The AIAA Delaware Section and Orbital ATK have continuously been involved with Cecil County Public Schools to expose students to NASA’s human spaceflight exploration program. Some of those activities have included participating in NASA’s Orion Exploration Design Challenge, sponsoring a broadcast of the Orion EFT-1 launch as a school assembly, inviting former NASA astronaut and current AIAA Executive Director Sandy Magnus as a guest speaker, and sponsoring a number of space- and science-related assemblies put on by Philadelphia’ Franklin Institute.

    NASA Johnson Space Center’s Office of Education and Public Affairs Office facilitates in-flight downlinks to encourage students to study and pursue careers in science, technology, engineering and mathematics (STEM). These in-flight education downlinks are large-scale public events that allow students and educators to interact with crewmembers through a live question-and-answer session. A downlink allows students to hear and see crewmembers live from space, although the crew does not see the audience.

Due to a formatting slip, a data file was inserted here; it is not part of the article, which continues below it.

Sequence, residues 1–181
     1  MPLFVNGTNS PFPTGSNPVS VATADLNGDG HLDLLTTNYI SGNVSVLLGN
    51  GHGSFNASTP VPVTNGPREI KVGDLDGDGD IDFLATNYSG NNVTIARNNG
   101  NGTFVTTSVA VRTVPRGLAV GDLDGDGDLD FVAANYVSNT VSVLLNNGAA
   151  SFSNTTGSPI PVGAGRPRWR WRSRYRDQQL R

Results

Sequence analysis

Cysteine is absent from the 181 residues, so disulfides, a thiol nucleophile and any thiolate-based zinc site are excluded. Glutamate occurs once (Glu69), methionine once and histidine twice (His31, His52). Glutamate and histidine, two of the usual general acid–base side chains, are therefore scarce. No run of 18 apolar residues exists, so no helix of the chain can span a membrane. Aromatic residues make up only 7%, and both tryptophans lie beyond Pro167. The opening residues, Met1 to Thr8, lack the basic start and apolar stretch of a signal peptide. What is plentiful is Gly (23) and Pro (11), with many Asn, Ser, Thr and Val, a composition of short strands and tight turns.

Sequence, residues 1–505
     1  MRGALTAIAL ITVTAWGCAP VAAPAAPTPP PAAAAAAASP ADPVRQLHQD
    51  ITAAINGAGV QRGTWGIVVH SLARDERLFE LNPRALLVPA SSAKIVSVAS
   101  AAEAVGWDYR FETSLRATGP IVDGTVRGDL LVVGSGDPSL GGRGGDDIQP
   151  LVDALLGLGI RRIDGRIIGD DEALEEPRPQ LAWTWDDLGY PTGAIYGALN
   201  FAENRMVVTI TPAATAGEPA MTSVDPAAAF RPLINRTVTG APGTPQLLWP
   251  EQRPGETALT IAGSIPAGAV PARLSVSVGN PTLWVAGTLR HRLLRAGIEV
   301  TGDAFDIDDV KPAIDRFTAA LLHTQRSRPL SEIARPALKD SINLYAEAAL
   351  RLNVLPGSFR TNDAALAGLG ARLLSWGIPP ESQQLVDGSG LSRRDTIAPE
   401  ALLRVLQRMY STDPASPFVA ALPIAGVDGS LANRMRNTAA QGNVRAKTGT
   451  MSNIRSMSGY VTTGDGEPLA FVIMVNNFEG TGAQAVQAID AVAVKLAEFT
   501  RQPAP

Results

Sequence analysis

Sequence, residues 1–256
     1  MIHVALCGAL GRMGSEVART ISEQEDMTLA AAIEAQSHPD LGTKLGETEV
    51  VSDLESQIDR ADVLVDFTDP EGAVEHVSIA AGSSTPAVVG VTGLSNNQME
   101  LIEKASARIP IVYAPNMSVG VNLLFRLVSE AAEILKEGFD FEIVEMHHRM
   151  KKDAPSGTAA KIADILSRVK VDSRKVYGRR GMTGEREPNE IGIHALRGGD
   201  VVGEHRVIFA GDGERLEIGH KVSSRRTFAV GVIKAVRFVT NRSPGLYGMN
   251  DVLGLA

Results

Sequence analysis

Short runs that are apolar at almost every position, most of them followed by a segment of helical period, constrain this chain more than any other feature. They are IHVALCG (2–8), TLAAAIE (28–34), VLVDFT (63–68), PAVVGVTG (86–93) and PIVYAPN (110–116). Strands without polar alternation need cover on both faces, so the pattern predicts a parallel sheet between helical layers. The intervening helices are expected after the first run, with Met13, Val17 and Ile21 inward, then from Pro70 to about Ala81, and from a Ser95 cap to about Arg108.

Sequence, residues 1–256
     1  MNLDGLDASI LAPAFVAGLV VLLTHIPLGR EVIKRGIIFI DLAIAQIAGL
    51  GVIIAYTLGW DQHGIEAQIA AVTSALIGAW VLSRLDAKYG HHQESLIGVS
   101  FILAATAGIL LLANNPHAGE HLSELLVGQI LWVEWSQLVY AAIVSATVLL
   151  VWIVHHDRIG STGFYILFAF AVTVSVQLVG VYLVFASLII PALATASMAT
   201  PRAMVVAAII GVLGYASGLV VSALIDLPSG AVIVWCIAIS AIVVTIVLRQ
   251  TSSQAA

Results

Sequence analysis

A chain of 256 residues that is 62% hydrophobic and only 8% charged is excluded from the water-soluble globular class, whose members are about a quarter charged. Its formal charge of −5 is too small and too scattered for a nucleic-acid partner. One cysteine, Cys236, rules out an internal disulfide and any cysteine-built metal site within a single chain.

For more information on the ISS Downlink, or the AIAA Delaware Section, please contact Tim Dominick at 410.392.1069 or For more information on AIAA please visit

    MEDIA CONTACT: TIM DOMINICK, 410.392.1069,

    About AIAA Delaware Section
    The AIAA Delaware Section is home to AIAA members who live or work in Delaware and the Eastern Shore of Maryland. For more information, visit

    About AIAA

    The American Institute of Aeronautics and Astronautics (AIAA) is nearly 30,000 engineers and scientists, and 95 corporate members, from 85 countries who are dedicated to advancing the global aerospace profession. The world’s largest aerospace technical society, the Institute convenes five yearly forums; publishes books, technical journals, and Aerospace America; hosts a collection of 160,000 technical papers; develops and maintains standards; honors and celebrates achievement; and advocates on policy issues. AIAA serves aerospace professionals around the world—who are shaping the future of aerospace—by providing the tools, insights, and collaborative exchanges to advance the state of the art in engineering and science for aviation, space, and defense. For more information, visit, or follow us on Twitter @AIAA.